“Man cannot discover new oceans unless he has the courage to lose sight of the shore.”– Andre Gide.
We visited Madrid in April 2019.
Madrid ‘Bajaras Airport’ is one of the busiest airports in Europe. The easiest way to reach the city center from the airport will be to use the metro. Mainly there are 3-4 transportation options from Madrid-Barajas Airport (MAD) to Madrid city center: bus, taxi, metro, and train.
This vibrant, energetic city has plenty of different flavours– Whether you are a football fan, or a person looking for a perfect city break, or a person interested in Architecture marvels/museums/Galleries. It’s all there, in this beautiful city.
Madrid, the Sunny capital of Spain is a very safe city (beware of the pickpockets though, in the metro).
Let me get into the details.
On the Day 1, we visited the following places:
NOTE: We reached Madrid by afternoon and the following places were covered in the post lunch session.
Puerta del Sol:
Puerta del Sol is the city center and it has a public square that is one of the business/lively part of the Madrid. Most of the main roads converge to this place.. Many of Madrid’s famous sights are around or near this square. Don’t get surprised if you end up coming to this place multiple times in your trip. Mostly it will be overcrowded with tourists and please beware of pickpockets. This is one of the shopping destinations in Madrid.
El Retiro Park:
This park was initially created as a retreat for the royal family and it is one of the largest parks in the city of Madrid.
Although the lake (Retiro Pond) is man-made, the peaceful waters set in front of the massive columns and statues of the Alfonso XII monument are a sight to see, especially around sunset.
This park is very near to Puerta De Alcalá.
Puerta De Alcalá Arch:
Erected in 1778 by Italian architect Francesco Sabatini, It is regarded as the first modern post-Roman triumphal arch built in Europe. The original Puerta de Alcalá was built in 1599 to welcome the wife of King Felipe III.
The Puerta de Alcalá Arch is sometimes referred to as the entrance to the city.
Each side of the gate has a different design. The one looking towards the city centre is crowned by sculptures of war trophies such as flags, weapons, breastplates and helmets, and its three rounded arches are decorated with the head of a lion. The other side, which is the one travellers would first behold when they arrived in the city, is more ornately decorated and is crowned by the royal coat of arms held up by Fame helped by a child.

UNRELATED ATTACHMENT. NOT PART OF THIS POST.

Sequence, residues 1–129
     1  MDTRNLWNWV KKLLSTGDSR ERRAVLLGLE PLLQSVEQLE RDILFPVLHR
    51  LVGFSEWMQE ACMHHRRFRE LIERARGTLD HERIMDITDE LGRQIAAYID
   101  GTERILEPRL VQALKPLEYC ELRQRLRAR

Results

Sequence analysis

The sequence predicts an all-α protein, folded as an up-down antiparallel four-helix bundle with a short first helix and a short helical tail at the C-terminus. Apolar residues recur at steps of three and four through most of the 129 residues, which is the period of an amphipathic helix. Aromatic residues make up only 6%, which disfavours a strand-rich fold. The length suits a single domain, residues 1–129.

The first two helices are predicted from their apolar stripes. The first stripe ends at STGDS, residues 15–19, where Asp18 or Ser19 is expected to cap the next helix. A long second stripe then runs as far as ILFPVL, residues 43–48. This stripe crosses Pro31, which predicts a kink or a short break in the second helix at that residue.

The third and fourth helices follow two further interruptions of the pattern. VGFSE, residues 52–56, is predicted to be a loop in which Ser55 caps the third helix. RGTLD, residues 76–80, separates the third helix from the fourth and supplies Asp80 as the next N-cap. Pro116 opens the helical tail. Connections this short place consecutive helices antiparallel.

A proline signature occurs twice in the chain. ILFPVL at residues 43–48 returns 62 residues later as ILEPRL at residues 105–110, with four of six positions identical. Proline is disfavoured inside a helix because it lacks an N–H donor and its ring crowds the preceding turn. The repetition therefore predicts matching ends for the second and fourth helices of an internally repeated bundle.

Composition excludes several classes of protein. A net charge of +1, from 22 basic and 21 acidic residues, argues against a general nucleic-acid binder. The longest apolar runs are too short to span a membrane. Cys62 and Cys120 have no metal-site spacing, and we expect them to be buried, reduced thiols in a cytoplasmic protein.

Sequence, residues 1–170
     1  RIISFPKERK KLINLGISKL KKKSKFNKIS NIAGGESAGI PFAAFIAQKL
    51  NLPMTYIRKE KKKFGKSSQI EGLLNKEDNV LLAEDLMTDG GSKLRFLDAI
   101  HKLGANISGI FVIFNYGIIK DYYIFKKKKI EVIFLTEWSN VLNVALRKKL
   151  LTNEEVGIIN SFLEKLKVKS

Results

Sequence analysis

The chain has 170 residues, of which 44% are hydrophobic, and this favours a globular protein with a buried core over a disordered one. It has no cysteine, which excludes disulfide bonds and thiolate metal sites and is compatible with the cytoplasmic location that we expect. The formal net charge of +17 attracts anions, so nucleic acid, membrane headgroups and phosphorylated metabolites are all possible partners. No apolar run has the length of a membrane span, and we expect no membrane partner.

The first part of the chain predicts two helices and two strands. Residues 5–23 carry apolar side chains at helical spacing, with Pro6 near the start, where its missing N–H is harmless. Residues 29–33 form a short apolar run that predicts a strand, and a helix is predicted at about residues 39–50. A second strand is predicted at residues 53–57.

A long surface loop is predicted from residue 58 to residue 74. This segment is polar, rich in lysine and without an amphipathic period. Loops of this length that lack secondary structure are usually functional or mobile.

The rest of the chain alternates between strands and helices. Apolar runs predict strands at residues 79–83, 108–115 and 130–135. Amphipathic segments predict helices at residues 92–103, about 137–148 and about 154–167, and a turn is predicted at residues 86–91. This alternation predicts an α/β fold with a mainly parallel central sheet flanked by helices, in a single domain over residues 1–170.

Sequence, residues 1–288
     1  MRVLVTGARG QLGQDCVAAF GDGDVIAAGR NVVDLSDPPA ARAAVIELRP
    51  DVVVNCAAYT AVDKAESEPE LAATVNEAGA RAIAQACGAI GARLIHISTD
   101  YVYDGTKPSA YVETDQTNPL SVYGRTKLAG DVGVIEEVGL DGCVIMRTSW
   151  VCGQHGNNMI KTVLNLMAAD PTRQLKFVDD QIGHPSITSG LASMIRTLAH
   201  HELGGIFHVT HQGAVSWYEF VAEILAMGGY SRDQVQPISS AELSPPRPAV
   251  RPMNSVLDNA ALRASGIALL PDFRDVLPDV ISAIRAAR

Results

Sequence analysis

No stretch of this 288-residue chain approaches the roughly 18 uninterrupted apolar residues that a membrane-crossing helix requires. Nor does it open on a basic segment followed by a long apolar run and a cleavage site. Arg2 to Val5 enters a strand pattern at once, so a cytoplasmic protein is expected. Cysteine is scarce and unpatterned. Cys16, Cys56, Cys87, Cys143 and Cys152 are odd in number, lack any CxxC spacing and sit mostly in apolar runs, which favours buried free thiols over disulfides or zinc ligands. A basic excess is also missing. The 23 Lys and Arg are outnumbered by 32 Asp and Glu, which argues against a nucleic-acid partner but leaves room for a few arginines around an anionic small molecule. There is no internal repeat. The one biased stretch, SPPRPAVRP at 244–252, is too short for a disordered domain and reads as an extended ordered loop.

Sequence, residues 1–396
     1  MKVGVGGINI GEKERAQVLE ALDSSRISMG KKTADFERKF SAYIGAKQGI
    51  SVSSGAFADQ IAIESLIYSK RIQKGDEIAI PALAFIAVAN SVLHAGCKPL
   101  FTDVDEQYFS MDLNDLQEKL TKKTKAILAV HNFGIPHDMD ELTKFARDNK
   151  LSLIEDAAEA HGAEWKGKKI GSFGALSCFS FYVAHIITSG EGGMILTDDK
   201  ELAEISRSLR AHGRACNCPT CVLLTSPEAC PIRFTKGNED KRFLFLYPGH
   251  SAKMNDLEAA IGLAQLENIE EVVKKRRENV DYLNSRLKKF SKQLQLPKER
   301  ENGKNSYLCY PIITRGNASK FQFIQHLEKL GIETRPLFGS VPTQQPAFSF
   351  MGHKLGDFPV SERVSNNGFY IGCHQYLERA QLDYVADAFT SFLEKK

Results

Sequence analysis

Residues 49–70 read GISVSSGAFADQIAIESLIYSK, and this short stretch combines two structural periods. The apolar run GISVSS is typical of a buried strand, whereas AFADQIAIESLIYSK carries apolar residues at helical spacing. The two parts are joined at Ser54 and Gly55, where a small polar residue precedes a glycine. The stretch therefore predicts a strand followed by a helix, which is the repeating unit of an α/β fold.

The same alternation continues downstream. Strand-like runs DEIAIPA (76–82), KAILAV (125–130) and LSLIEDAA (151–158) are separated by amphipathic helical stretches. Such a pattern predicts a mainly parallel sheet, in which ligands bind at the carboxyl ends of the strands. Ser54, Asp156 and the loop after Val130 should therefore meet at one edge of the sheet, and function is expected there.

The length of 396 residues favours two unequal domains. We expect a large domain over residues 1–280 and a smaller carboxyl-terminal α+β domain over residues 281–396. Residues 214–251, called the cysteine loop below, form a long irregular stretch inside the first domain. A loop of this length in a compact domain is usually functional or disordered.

Bear and the strawberry tree, at Puerta Del Sol:
This is a bronze statue of a bear standing on its feet searching for fruit among the leaves of a strawberry tree. This statue was created by the sculptor Antonio Navarro Santafé for the Spanish government and was inaugurated in 1967. It portrays an animal deeply symbolic to the city of Madrid and the subject of much local folklore.
There are different stories about this statue.
Day trip to Toledo.
In case if you wants to book a tour package, you will find the same in various shops in the Puerta De Sol City Centre area. I would recommend not to book the day trip to Toledo through any agencies. You can easily plan and do it by yourself.
The trip to Toledo needed more coverage and hence I had to come up with a separate blog for this.
On day 3, we decided to take up a Hop on Hop Off.
Following places were covered as a part of that city bus tour.
Palacio real / Royal palace:
Though it’s the official residence of the royal family, they don’t actually live here anymore, and the palace is only used for official state functions. You can walk through the palace (both self-guided and guided tours are available) starting at the grand stairway and wander through lavishly decorated staterooms.